The Biltmore House was built by George Vanderbilt, grandson of Cornelius Vanderbilt, a self-made man who one might say achieved the American Dream by becoming the wealthiest industrialist of mid-19th century America. The house was completed in 1895 after six years' of construction, which I find amazing considering the amount of elaborate detail throughout the house. Massive fireplaces--no two alike, it seemed; ornately carved woodwork; antique tapestries and priceless artwork on the walls . . . the whole effect left me awe-struck, walking around each room slowly so as not to miss a single detail. I found myself asking many questions of the docents available in each area and found the history of the estate and the Vanderbilt family fascinating.
|View of the Blue Ridge Mountains from the balcony of the house|
Over a million visitors tour the estate each year, including the silly tourist waving to the camera above. The income brought in by these visitors, along with some entrepreneurship, have enabled the Vanderbilt family to retain ownership of this beautiful landmark. They have worked hard to preserve the house's original splendor, restoring the interior with authentic furnishings and wallcoverings of the period. (Photographs were prohibited inside.) The grounds, too, are being restored as much as possible with the famed landscape architect Frederick Law Olmsted's vision in mind.
I could go on and on about all the interesting details about this house, but if you would like to know more, you can check out the official website here.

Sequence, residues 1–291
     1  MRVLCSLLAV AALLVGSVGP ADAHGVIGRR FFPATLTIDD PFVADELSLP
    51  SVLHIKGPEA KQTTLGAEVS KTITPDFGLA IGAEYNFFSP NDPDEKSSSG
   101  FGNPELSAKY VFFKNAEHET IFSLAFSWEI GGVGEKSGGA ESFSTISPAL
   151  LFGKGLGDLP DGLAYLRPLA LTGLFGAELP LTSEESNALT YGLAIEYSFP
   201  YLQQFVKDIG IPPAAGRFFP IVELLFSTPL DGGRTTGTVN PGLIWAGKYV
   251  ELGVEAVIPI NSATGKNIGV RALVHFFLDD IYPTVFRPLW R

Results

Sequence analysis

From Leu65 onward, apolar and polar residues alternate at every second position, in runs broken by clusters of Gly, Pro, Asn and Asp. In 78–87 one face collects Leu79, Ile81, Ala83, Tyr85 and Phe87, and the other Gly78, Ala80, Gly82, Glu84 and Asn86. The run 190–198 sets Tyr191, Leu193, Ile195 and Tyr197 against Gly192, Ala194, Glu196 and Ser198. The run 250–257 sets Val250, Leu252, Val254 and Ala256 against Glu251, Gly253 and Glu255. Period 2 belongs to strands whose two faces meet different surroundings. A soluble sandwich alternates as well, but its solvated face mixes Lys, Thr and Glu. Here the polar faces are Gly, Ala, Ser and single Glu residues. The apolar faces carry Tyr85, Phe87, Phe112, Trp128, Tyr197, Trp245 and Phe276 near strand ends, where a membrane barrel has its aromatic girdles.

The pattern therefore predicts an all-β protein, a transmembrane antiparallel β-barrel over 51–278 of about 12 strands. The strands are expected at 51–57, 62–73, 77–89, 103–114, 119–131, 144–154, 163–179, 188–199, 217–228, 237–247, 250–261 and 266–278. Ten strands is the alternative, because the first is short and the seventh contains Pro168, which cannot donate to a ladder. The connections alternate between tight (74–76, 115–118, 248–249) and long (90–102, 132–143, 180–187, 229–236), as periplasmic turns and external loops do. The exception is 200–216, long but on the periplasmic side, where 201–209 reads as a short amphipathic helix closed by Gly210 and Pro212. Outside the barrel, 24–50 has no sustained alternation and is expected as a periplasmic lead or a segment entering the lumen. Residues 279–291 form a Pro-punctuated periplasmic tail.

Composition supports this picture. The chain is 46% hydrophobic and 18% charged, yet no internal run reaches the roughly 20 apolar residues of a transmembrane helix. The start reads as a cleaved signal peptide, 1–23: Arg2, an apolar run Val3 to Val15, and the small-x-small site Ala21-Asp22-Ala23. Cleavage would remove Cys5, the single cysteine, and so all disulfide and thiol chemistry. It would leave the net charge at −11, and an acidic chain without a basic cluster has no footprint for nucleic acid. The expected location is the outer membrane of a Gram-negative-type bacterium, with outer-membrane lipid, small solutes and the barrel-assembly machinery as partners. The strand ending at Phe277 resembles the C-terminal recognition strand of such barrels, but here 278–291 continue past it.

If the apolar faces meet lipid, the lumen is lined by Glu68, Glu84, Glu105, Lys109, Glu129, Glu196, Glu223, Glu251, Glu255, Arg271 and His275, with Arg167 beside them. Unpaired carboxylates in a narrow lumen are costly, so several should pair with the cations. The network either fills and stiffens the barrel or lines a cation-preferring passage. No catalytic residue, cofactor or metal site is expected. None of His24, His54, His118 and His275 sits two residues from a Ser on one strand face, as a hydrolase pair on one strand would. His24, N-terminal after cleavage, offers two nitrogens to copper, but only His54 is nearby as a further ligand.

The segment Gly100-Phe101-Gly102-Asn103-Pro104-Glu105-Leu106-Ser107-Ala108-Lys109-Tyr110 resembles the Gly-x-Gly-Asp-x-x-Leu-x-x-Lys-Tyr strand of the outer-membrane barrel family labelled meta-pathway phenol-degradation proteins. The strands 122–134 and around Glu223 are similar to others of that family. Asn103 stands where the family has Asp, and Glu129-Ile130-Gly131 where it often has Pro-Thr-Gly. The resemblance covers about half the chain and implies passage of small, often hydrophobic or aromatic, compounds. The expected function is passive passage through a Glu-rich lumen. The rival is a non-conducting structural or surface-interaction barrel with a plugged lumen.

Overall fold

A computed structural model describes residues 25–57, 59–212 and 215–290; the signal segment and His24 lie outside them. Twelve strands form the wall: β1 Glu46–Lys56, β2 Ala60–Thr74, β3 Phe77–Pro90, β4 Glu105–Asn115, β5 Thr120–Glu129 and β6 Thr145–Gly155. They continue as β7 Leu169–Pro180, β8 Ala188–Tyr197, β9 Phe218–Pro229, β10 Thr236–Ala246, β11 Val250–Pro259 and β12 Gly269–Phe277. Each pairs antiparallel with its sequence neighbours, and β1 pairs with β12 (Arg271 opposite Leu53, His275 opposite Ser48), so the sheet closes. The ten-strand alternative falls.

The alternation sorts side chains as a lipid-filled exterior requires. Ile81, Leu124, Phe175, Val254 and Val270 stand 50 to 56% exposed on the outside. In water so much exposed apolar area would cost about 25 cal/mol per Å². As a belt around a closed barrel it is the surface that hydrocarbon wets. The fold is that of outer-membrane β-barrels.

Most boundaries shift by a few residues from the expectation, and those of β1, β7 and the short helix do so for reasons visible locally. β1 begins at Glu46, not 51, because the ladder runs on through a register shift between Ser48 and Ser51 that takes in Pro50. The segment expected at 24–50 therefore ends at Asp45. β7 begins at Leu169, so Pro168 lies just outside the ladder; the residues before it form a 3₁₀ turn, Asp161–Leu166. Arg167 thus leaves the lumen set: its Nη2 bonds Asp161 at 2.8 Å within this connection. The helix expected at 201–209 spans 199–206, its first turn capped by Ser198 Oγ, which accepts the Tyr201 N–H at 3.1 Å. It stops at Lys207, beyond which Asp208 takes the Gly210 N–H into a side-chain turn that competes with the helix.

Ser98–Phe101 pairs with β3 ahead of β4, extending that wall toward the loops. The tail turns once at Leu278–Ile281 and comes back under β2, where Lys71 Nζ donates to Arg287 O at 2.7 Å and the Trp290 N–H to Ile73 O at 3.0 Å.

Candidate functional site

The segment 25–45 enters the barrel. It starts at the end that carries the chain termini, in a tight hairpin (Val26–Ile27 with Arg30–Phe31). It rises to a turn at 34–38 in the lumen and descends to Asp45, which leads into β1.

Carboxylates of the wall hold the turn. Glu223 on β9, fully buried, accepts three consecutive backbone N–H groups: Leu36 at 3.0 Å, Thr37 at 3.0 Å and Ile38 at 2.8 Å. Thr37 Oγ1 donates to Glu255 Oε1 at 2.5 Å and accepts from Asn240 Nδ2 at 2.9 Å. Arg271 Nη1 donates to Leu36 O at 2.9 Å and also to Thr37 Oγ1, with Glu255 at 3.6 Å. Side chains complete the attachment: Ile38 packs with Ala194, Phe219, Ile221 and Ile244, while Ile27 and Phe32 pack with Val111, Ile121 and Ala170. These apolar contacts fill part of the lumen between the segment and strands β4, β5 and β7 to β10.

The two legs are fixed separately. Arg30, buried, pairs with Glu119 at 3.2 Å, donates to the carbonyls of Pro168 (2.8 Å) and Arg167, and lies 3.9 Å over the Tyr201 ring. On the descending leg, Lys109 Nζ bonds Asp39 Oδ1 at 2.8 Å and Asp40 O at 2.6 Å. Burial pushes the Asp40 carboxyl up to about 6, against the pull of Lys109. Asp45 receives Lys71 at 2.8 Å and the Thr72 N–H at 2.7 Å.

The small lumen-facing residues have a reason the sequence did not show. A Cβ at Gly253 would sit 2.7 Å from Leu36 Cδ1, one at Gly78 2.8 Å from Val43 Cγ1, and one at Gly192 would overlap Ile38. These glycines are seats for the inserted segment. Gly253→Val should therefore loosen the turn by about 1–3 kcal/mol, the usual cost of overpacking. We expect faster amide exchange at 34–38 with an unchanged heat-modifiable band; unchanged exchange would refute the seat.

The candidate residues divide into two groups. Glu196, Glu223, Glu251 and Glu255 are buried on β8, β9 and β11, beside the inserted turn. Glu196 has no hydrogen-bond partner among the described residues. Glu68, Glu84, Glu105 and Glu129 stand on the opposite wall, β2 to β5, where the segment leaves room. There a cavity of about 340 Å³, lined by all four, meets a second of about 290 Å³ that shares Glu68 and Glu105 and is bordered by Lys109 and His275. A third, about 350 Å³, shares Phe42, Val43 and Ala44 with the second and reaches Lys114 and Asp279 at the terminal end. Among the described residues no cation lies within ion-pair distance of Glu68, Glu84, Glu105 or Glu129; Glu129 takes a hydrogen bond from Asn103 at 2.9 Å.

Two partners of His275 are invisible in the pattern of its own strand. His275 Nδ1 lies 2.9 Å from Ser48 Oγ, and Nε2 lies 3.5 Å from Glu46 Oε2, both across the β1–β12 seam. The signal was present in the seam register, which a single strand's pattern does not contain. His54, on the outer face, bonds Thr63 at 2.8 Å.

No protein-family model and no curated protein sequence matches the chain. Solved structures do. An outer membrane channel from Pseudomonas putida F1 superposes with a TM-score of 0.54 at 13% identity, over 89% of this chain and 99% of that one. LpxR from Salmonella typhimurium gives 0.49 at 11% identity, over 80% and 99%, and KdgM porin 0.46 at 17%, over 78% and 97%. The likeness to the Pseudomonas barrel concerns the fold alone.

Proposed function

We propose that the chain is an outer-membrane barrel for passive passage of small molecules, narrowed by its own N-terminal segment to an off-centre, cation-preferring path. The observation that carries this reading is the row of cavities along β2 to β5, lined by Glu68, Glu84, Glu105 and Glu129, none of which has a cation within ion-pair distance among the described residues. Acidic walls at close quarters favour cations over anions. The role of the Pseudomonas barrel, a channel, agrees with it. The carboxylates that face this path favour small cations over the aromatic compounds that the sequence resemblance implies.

The Saturday of the Fling found us back at the Biltmore, this time with the whole group touring the gardens, which, as one might expect, are as expansive as the house. Near the house the gardens are formal in design, including a walkway lined with Grecian-looking busts.
A pergola at one end was covered with what must be very, very old wisteria.
The walled garden provides plenty of walkways to stroll leisurely and view plantings close-up.
Friends Beckie and Lisa took a moment to pose under a rose arbor. Lisa's hat was made specially by a friend for this trip to the Biltmore--I think she might have been the most photographed Blogger on this day!
At the far end of the walled garden, steps led down to a conservatory filled with all kinds of lush plants.
My favorite spot to rest for a bit were the two flanking butterfly gardens in front of the conservatory. Filled with salvias, nigella, coneflowers, and other natives--and, butterflies, of course--this is more my style of garden.
As you travel further from the house, the landscape becomes much more informal. A fellow blogger checks out this striking conifer, a Weeping Blue Atlas Cedar. I wish I had explored a little further, because seeing photos on other blogs I realize I missed some beautiful sights. But there was so much to see and do, it was hard to take it all in in a few hours.
Besides, we didn't want to miss the garden party! Here Skeeter (center), her husband The Saint, and Laura enjoy the champagne provided by the Biltmore. The Biltmore was one of the Fling's sponsors and not only provided free access to the gardens for us, but also some other goodies.
Seeing the whole Biltmore Estate requires a full day--at least. Tickets may seem a bit pricey, but they give you access to not only the house and gardens, but also the winery and most other parts of the estate. If you have only a few hours, though, I would recommend touring the house first. The gardens are lovely, but the house is so magnificent, it's worth every penny of the admission price. Seeing this home made an impression on me that I won't soon forget. Enjoying the Fling at Asheville with other garden bloggers and crossing off one of the top ten on my bucket list made this a very special trip indeed!